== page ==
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Gold versus Tin contacts. Does it really matter?

Most people don't pay attention to the finish of their connectors and contacts but they should. There are in fact two commonly used types of metal for plating connectors and contacts -- gold and tin.

Ever since day 1, arcade game manufacturers have strived to create their machines using the cheapest parts possible while still maintaining a decent level of reliability. Connectors were no exception to the rule. They used tin plated contacts for everything -- from high current power connectors to low voltage signaling connectors. Most industries used gold plated connectors whenever you pass low voltage signaling such as address lines, data lines, switch matrix lines, etc. The arcade industry did not. But don't go changing your crimp contacts to expensive gold plated now...

It is important to make sure that you use gold plated contacts with gold plated pins, and tin plated contacts with tin plated pins. When gold and tin are mixed by putting gold plated contact against a tin plated pin or vice-verse, the direct contact between the two dissimilar metals causes a chemical reaction over time. It can take months or even years to happen, but tin oxide will build up on the gold and eventually, cause the electrical connection between the socket and connector to become unreliable. While you may get away with mixing gold and tin in the short run - eventually you will start getting errors resulting from the oxide buildup.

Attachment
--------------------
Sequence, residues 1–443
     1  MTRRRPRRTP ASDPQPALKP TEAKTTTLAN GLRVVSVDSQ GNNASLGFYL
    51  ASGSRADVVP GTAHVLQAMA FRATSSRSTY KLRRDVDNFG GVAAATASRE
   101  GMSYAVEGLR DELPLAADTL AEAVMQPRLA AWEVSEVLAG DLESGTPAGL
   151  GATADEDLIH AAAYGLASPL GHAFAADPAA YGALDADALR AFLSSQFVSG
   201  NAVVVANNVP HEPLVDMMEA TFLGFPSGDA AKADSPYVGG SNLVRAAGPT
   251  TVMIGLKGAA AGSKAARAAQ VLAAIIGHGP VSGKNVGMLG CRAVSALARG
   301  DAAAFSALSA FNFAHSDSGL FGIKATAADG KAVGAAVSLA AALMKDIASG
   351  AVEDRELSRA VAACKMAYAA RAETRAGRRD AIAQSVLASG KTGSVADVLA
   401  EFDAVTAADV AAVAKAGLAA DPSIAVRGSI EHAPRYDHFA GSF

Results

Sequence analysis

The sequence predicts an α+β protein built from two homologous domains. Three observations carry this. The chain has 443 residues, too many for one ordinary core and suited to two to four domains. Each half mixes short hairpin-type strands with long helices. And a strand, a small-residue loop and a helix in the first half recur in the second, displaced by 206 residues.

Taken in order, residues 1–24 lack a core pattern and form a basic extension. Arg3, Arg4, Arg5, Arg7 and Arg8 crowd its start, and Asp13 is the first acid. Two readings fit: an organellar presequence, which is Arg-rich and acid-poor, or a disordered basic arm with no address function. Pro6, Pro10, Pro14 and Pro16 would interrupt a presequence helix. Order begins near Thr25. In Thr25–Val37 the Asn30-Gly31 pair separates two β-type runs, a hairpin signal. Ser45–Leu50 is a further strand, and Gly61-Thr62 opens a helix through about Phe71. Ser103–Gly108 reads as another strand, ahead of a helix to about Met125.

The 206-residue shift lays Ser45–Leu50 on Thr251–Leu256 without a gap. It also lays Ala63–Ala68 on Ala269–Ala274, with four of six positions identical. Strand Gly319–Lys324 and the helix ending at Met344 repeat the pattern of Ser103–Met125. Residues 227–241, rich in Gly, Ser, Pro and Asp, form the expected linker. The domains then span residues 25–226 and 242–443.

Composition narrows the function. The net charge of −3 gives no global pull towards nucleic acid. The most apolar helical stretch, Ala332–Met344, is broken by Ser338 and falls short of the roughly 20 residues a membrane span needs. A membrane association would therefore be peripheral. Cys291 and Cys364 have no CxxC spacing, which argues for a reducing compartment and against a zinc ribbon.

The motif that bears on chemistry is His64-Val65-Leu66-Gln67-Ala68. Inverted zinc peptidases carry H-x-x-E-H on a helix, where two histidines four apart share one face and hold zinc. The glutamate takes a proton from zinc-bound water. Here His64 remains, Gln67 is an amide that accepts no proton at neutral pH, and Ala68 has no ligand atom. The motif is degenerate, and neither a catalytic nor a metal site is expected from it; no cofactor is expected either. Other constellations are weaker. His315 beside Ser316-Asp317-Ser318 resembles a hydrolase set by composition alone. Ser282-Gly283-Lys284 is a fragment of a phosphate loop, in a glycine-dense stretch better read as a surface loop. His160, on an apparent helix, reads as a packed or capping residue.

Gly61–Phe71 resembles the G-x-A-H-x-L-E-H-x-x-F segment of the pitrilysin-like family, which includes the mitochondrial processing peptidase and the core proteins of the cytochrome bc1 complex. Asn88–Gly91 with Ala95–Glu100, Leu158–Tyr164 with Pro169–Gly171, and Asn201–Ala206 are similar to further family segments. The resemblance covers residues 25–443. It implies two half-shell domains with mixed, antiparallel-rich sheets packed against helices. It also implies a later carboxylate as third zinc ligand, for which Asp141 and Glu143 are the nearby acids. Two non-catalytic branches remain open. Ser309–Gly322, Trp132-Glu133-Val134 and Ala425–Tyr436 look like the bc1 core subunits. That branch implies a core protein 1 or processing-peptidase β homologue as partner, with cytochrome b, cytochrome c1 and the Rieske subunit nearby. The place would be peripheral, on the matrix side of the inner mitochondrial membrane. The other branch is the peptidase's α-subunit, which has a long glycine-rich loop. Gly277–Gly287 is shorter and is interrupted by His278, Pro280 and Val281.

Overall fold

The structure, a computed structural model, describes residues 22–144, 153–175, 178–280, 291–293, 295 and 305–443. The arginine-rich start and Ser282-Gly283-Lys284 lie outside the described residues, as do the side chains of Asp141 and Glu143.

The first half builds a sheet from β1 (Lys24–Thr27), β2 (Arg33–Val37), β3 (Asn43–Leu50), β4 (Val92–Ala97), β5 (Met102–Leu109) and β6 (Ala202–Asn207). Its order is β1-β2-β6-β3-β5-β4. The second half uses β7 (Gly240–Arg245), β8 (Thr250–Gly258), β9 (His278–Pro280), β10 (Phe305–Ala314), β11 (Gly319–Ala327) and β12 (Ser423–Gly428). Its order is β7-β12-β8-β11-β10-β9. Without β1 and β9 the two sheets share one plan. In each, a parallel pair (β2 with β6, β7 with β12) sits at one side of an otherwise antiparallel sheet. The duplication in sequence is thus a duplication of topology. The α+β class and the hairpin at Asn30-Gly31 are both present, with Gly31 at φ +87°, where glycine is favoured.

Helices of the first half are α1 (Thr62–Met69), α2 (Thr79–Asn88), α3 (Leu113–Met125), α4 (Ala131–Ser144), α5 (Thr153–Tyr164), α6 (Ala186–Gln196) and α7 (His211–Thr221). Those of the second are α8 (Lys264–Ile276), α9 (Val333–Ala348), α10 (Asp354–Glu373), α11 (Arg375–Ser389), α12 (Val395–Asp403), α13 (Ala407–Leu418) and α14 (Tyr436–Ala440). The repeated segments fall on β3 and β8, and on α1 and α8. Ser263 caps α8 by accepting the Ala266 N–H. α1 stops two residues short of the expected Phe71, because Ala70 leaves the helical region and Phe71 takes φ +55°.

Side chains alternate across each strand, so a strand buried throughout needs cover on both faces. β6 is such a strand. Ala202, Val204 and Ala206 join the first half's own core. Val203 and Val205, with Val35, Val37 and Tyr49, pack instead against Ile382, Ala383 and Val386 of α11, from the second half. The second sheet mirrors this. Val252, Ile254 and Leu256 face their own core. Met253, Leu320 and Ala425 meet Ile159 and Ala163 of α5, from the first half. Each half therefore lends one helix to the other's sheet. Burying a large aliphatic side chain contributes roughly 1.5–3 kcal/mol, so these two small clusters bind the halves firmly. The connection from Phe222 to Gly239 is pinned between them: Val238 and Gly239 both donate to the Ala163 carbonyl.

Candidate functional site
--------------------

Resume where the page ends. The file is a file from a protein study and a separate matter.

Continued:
From an old Intel study: "Studies show that fretting occurs when tin comes in pressure contact with gold or any other metal. Tin debris will transfer to the gold surface and oxidize. Continued transfer will build up an oxide film layer. Mixing gold and tin leads doesn't always cause an immediate problem, the problem usually occurs over time."

Moral of the story - don't mix metals! Going with more expensive gold plated contacts in a machine designed for tin plated contacts should not be done. Always go with the same contact plating type.